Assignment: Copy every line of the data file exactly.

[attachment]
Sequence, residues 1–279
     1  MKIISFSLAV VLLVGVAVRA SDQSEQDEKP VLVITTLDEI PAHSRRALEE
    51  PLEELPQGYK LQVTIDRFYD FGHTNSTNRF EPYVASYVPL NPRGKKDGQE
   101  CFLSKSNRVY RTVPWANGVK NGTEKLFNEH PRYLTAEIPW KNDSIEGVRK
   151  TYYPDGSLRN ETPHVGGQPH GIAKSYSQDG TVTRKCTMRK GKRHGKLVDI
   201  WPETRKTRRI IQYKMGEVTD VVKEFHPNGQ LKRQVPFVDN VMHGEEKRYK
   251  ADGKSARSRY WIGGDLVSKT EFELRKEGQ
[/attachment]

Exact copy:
Sequence, residues 1–279
     1  MKIISFSLAV VLLVGVAVRA SDQSEQDEKP VLVITTLDEI PAHSRRALEE
    51  PLEELPQGYK LQVTIDRFYD FGHTNSTNRF EPYVASYVPL NPRGKKDGQE
   101  CFLSKSNRVY RTVPWANGVK NGTEKLFNEH PRYLTAEIPW KNDSIEGVRK
   151  TYYPDGSLRN ETPHVGGQPH GIAKSYSQDG TVTRKCTMRK GKRHGKLVDI
   201  WPETRKTRRI IQYKMGEVTD VVKEFHPNGQ LKRQVPFVDN VMHGEEKRYK
   251  ADGKSARSRY WIGGDLVSKT EFELRKEGQ